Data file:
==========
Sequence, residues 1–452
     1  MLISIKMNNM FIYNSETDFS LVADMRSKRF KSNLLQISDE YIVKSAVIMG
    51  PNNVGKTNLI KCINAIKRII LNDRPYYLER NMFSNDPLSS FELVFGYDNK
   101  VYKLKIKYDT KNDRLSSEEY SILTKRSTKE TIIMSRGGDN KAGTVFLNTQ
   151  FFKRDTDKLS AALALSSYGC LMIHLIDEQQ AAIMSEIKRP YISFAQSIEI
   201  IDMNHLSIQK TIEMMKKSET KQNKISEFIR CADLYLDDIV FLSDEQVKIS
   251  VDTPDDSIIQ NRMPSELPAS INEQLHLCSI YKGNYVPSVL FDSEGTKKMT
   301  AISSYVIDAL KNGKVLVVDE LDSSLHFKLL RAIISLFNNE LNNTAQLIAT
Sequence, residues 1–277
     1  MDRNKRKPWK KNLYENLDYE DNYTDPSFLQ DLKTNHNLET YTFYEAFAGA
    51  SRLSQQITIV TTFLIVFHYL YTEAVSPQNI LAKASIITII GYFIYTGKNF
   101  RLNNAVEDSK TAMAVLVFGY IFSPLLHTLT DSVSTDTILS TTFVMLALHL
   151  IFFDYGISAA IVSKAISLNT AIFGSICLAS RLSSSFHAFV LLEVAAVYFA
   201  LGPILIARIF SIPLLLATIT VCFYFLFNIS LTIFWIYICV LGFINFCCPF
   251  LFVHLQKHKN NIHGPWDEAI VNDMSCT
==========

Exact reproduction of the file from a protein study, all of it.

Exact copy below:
Sequence, residues 1–452
     1  MLISIKMNNM FIYNSETDFS LVADMRSKRF KSNLLQISDE YIVKSAVIMG
    51  PNNVGKTNLI KCINAIKRII LNDRPYYLER NMFSNDPLSS FELVFGYDNK
   101  VYKLKIKYDT KNDRLSSEEY SILTKRSTKE TIIMSRGGDN KAGTVFLNTQ
   151  FFKRDTDKLS AALALSSYGC LMIHLIDEQQ AAIMSEIKRP YISFAQSIEI
   201  IDMNHLSIQK TIEMMKKSET KQNKISEFIR CADLYLDDIV FLSDEQVKIS
   251  VDTPDDSIIQ NRMPSELPAS INEQLHLCSI YKGNYVPSVL FDSEGTKKMT
   301  AISSYVIDAL KNGKVLVVDE LDSSLHFKLL RAIISLFNNE LNNTAQLIAT
Sequence, residues 1–277
     1  MDRNKRKPWK KNLYENLDYE DNYTDPSFLQ DLKTNHNLET YTFYEAFAGA
    51  SRLSQQITIV TTFLIVFHYL YTEAVSPQNI LAKASIITII GYFIYTGKNF
   101  RLNNAVEDSK TAMAVLVFGY IFSPLLHTLT DSVSTDTILS TTFVMLALHL
   151  IFFDYGISAA IVSKAISLNT AIFGSICLAS RLSSSFHAFV LLEVAAVYFA
   201  LGPILIARIF SIPLLLATIT VCFYFLFNIS LTIFWIYICV LGFINFCCPF
   251  LFVHLQKHKN NIHGPWDEAI VNDMSCT